# Scalar vs Vector

1. Jul 16, 2011

### Torshi

I came across a problem that asked if some things were scalar or a vector.

Is acceleration a vector? I thought it just gives you magnitude and not direction at all.

For example when velocity and acceleration are put together, velocity gives you the direction and the acceleration gives tells you if your slowing down or speeding up?

I'm not understanding these terms.

Also, mass is suppose to be scalar right? My prof at first said it as a vector then the next day he writes it's scalar. I understand vector means direction and magnitude

2. Jul 16, 2011

### mathman

Acceleration is a vector. Changing direction is considered acceleration, like driving around a curve at constant speed.

Mass is a scalar.

3. Jul 16, 2011

### Torshi

So like if your acceleration is slowing down, you'll eventually go the other direction? That's how it was explained to me.

4. Jul 16, 2011

### Pengwuino

That's a poor choice of wording. "Speeding up" and "slowing down" are terms that only really make sense for speed.

Imagine yourself with a rocket strapped onto a car. Define your coordinate system so that going to the right is positive and going to the left is negative.

So start at rest, point your rocket to the right. When you light the rocket, the acceleration is pointing to the right and your car starts speeding up and it begins to have a positive velocity (in other words, it's moving to the right). That's simple enough.

Now, while your car is rocketing off to the right (in other words, with a positive velocity), you decide to switch the direction of your rocket all of a sudden and point it to the left. Now your acceleration is pointing to the left and is now negative! Your velocity is still positive because the rocket needs time to slow the car down and eventually start moving in the other direction. So your velocity is positive, the acceleration is negative; the positive/negative is showing the direction. They're both vectors.

5. Jul 16, 2011

### gsal

Acceleration, a, is a vector

Mass, m, is a scalar

Weight is again a vector, since it is F=ma

Now, let's say that you have an initial (positive) velocity going up and constant negative acceleration going down...eventually, the acceleration will slow down the object to zero velocity and then start increasing the velocity in the negative direction....

....this is exactly what happens when you throw a ball straight up in the air...get it?

6. Jul 16, 2011

### I like Serena

This reminds me of a discussion whether speed is a vector or not.

Apparently velocity is a vector, while speed is its magnitude.

It seems that the word acceleration is ambiguous and depends on the context.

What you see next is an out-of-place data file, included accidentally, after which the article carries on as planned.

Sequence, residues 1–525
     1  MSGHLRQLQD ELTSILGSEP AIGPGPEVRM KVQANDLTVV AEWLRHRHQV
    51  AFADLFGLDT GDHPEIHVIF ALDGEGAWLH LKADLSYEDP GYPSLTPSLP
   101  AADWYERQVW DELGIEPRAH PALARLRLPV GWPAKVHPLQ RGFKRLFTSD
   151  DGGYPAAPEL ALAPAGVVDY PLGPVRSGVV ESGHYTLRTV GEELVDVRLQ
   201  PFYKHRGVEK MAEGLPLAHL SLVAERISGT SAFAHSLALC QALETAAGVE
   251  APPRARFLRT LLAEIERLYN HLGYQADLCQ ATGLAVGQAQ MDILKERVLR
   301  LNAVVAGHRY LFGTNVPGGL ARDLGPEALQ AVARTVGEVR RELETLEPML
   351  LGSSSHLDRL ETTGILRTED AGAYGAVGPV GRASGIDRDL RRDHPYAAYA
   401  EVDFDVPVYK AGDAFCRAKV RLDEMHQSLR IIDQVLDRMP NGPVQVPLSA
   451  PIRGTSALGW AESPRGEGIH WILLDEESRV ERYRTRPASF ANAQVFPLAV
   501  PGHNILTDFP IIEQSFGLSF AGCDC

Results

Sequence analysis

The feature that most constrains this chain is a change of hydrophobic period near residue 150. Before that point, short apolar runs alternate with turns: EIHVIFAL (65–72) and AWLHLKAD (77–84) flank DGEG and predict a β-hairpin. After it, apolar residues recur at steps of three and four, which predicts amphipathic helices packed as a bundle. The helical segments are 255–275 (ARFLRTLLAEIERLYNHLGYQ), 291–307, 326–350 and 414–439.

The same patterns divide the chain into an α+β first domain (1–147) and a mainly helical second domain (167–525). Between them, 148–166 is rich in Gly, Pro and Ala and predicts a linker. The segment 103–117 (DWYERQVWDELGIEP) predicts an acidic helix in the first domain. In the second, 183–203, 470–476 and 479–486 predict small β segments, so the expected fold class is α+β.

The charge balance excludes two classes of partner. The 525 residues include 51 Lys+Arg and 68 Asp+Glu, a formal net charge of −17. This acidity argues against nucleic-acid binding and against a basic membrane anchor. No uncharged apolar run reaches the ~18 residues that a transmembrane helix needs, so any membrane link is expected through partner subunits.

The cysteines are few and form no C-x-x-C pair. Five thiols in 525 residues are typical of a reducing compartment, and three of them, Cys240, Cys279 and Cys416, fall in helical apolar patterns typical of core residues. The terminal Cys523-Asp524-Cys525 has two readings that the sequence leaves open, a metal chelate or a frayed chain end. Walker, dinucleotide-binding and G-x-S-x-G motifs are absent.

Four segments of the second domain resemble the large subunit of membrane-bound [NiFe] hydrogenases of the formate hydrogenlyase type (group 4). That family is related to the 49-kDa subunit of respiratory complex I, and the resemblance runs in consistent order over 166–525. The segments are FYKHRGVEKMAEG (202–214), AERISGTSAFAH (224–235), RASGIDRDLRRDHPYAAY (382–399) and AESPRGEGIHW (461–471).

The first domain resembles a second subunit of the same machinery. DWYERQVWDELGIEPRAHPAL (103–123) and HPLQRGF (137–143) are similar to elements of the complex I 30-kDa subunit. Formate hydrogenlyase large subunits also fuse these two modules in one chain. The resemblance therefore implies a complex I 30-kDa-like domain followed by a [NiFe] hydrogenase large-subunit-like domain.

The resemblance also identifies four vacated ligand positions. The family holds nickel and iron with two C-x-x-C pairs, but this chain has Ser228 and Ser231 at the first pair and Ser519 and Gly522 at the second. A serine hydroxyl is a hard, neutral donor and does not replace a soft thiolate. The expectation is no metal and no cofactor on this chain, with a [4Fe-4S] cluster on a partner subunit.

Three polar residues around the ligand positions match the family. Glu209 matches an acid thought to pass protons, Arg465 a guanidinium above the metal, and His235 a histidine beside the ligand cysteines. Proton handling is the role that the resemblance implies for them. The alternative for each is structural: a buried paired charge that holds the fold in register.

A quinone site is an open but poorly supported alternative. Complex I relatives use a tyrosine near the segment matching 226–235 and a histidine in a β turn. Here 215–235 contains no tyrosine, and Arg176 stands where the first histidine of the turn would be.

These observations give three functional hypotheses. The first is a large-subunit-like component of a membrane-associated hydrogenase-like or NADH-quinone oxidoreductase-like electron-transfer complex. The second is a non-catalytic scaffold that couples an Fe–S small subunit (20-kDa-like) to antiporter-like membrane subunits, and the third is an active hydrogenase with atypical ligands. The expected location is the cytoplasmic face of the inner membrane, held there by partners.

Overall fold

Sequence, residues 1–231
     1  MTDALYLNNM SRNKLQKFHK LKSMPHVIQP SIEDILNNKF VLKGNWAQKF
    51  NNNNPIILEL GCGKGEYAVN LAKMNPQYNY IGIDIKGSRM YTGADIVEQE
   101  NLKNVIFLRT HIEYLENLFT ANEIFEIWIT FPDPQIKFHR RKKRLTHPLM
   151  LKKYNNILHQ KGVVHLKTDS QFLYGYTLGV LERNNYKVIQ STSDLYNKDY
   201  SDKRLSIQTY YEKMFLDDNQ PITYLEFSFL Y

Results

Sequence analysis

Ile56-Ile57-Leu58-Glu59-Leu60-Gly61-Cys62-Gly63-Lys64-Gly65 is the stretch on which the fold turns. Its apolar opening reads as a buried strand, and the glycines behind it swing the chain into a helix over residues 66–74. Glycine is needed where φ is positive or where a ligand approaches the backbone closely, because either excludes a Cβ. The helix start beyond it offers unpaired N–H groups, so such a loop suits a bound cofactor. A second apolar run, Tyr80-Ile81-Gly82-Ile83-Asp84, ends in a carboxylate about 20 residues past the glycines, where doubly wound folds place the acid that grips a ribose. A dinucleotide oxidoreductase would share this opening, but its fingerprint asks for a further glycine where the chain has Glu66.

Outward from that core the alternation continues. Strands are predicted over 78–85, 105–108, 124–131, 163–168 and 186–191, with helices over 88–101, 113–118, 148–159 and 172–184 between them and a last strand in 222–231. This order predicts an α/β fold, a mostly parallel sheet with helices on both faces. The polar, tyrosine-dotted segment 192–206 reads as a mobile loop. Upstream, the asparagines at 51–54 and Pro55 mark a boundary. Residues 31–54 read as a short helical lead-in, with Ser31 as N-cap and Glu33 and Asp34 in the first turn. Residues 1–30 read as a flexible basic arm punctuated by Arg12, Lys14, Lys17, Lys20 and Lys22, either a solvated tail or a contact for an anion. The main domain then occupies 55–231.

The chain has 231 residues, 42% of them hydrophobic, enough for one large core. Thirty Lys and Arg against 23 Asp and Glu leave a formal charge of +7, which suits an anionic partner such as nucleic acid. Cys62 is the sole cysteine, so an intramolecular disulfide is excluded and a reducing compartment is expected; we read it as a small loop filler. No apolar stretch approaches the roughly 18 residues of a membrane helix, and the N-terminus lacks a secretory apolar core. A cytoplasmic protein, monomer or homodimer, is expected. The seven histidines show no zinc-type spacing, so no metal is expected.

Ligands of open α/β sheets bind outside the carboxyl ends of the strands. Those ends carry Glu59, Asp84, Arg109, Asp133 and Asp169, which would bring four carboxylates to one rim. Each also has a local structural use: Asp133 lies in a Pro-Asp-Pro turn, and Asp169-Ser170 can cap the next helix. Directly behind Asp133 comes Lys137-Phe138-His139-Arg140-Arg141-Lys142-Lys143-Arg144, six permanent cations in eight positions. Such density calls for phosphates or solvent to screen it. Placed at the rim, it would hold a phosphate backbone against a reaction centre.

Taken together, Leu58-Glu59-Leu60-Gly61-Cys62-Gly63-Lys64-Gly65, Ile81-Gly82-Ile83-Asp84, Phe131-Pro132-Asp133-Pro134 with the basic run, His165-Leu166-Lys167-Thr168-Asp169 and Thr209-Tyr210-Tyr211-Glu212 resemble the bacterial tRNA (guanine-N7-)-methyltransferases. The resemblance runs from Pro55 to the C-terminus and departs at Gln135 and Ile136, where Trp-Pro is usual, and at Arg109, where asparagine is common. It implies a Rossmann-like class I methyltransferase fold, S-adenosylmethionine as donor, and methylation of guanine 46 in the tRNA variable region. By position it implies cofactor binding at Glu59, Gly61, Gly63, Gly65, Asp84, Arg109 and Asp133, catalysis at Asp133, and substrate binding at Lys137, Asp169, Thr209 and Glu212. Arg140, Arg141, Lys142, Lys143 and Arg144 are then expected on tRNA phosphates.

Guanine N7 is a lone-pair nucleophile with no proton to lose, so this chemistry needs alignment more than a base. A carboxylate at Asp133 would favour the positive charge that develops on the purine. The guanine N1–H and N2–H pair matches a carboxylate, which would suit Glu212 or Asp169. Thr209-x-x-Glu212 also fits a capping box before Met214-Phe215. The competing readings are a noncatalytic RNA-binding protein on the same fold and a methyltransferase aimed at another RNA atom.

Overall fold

7. Jul 17, 2011

### mathman

There is no ambiguity - acceleration is a vector. You may accelerate along the direction you are going or change direction (or both together).

8. Jul 17, 2011

### I like Serena

I agree that acceleration should always be a vector, physically speaking.

But I got this from wikipedia: "In common speech, the term acceleration is used for an increase in speed (the magnitude of velocity); a decrease in speed is called deceleration."

In my book that means it's ambiguous.
Apparently physicists use the same word to mean something different from what it means to the common man.
I believe that this ambiguity is exactly what prompted the OP to start this thread.

The nice thing about the word velocity is that it is not used in common speech, while the word speed is.
That gave physicists the opportunity to define velocity to be a vector, which they did.

Last edited: Jul 17, 2011
9. Jul 17, 2011

### tiny-tim

Hi Torshi!
mass is definitely a scalar
Yes, in maths and physics acceleration means a vector, but it ordinary English it often means dv/dt, which is a scalar.

dv/dt (rate of change of speed) is the rate of change of what is shown on your speedometer.

For example, if you drive at variable speed v, then your tangential component (ie the forwards component) of your acceleration is dv/dt, but your sideways component (ie the https://www.physicsforums.com/library.php?do=view_item&itemid=27") is v2/r , where r is the (instantaneous) radius of curvature â€¦

and your total (vector) acceleration is the (vector) sum of those two perpendicular components.

We can write F = ma where both F and a are the components in a particular direction,

or we can write F = ma where both F and a are the complete (vector) force and acceleration.

Last edited by a moderator: Apr 26, 2017
10. Jul 17, 2011

### Pengwuino

I've always seen it as ${{d \vec v }\over{dt}}$ so the ambiguity doesn't exist.